Burt Lancaster would be proud. More than 40 years after the film “The Birdman of Alcatraz” hit movie theaters, the name of Robert Stroud — while not necessarily a household word — is still recognized in many avian circles for his groundbreaking (at the time) study and research on birds and diseases. His two volumes “Diseases of canaries” and “Stroud’s Digest of the Diseases of Birds” are still in print and although much of the information is outdated, the books are still worth looking in to.
That Stroud conducted so much research and study within the confines of Leavenworth Prison (not Alcatraz as is popularly thought) is in itself quite a feat. But Stroud also dedicated much of his time to developing cures for the very diseases he identified. In particular “Stroud’s Avian Antiseptic” and “Stroud’s Effervescent Salts” were brisk sellers for canary indigestion. And another line referred to as “Stroud’s Specific” were produced for — you guess it — specific bird illnesses.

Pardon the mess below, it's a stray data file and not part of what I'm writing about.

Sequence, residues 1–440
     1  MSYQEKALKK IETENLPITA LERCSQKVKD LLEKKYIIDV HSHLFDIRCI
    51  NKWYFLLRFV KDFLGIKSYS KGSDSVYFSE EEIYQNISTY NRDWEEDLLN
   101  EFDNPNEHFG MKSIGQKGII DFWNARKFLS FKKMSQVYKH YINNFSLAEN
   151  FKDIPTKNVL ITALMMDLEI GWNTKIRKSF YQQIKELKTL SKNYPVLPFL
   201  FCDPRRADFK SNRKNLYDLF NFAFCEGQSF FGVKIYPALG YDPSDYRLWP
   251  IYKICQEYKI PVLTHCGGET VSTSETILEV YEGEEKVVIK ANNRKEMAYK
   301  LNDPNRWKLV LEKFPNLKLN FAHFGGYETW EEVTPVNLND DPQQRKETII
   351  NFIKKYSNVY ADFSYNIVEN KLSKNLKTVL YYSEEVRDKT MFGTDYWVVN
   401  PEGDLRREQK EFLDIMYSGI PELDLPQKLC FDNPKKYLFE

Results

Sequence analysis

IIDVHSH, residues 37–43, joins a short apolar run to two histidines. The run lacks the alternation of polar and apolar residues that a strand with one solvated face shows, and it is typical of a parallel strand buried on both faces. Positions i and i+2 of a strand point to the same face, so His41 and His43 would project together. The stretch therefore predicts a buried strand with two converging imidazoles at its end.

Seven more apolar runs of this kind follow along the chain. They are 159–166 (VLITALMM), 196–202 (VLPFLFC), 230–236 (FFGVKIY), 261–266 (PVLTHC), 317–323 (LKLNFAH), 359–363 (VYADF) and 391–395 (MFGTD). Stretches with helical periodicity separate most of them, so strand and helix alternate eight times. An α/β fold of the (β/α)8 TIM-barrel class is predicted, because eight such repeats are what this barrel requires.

Long before “branding” became a popular term, Robert Stroud was well on his way to establishing himself as one of the most knowledgeable individuals in the field if avian medicine.
Birds sing for a variety of reasons, and not all of these motivations are linked to displays of pleasure. As their primary form of communication, birds sing to greet one another, attract a potential mate, issue a warning and even mark and defend their territory.